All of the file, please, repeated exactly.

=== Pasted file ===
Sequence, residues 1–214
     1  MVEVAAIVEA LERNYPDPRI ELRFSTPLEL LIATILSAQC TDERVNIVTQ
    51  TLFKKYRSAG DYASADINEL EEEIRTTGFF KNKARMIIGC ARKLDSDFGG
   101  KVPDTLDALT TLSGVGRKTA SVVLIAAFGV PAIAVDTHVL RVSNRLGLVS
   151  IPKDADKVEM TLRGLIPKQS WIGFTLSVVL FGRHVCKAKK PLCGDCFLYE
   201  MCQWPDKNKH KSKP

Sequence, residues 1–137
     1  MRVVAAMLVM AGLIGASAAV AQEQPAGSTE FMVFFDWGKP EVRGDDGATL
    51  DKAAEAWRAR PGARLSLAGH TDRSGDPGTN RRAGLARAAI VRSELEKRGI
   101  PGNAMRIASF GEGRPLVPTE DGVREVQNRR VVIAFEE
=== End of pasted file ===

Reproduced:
Sequence, residues 1–214
     1  MVEVAAIVEA LERNYPDPRI ELRFSTPLEL LIATILSAQC TDERVNIVTQ
    51  TLFKKYRSAG DYASADINEL EEEIRTTGFF KNKARMIIGC ARKLDSDFGG
   101  KVPDTLDALT TLSGVGRKTA SVVLIAAFGV PAIAVDTHVL RVSNRLGLVS
   151  IPKDADKVEM TLRGLIPKQS WIGFTLSVVL FGRHVCKAKK PLCGDCFLYE
   201  MCQWPDKNKH KSKP

Sequence, residues 1–137
     1  MRVVAAMLVM AGLIGASAAV AQEQPAGSTE FMVFFDWGKP EVRGDDGATL
    51  DKAAEAWRAR PGARLSLAGH TDRSGDPGTN RRAGLARAAI VRSELEKRGI
   101  PGNAMRIASF GEGRPLVPTE DGVREVQNRR VVIAFEE